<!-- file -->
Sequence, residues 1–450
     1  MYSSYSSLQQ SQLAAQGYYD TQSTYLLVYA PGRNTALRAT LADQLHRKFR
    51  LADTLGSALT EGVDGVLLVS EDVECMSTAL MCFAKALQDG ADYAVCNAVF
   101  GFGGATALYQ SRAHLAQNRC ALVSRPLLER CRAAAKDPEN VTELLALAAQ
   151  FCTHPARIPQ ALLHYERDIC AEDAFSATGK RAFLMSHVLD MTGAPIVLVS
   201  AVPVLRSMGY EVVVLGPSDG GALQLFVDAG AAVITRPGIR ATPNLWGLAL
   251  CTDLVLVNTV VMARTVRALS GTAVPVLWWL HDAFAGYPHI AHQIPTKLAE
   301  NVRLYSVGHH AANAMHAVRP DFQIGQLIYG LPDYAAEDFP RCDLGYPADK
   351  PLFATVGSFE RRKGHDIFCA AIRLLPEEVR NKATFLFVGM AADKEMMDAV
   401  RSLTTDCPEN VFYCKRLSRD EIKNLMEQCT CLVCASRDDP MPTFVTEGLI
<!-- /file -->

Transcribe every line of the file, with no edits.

Sequence, residues 1–450
     1  MYSSYSSLQQ SQLAAQGYYD TQSTYLLVYA PGRNTALRAT LADQLHRKFR
    51  LADTLGSALT EGVDGVLLVS EDVECMSTAL MCFAKALQDG ADYAVCNAVF
   101  GFGGATALYQ SRAHLAQNRC ALVSRPLLER CRAAAKDPEN VTELLALAAQ
   151  FCTHPARIPQ ALLHYERDIC AEDAFSATGK RAFLMSHVLD MTGAPIVLVS
   201  AVPVLRSMGY EVVVLGPSDG GALQLFVDAG AAVITRPGIR ATPNLWGLAL
   251  CTDLVLVNTV VMARTVRALS GTAVPVLWWL HDAFAGYPHI AHQIPTKLAE
   301  NVRLYSVGHH AANAMHAVRP DFQIGQLIYG LPDYAAEDFP RCDLGYPADK
   351  PLFATVGSFE RRKGHDIFCA AIRLLPEEVR NKATFLFVGM AADKEMMDAV
   401  RSLTTDCPEN VFYCKRLSRD EIKNLMEQCT CLVCASRDDP MPTFVTEGLI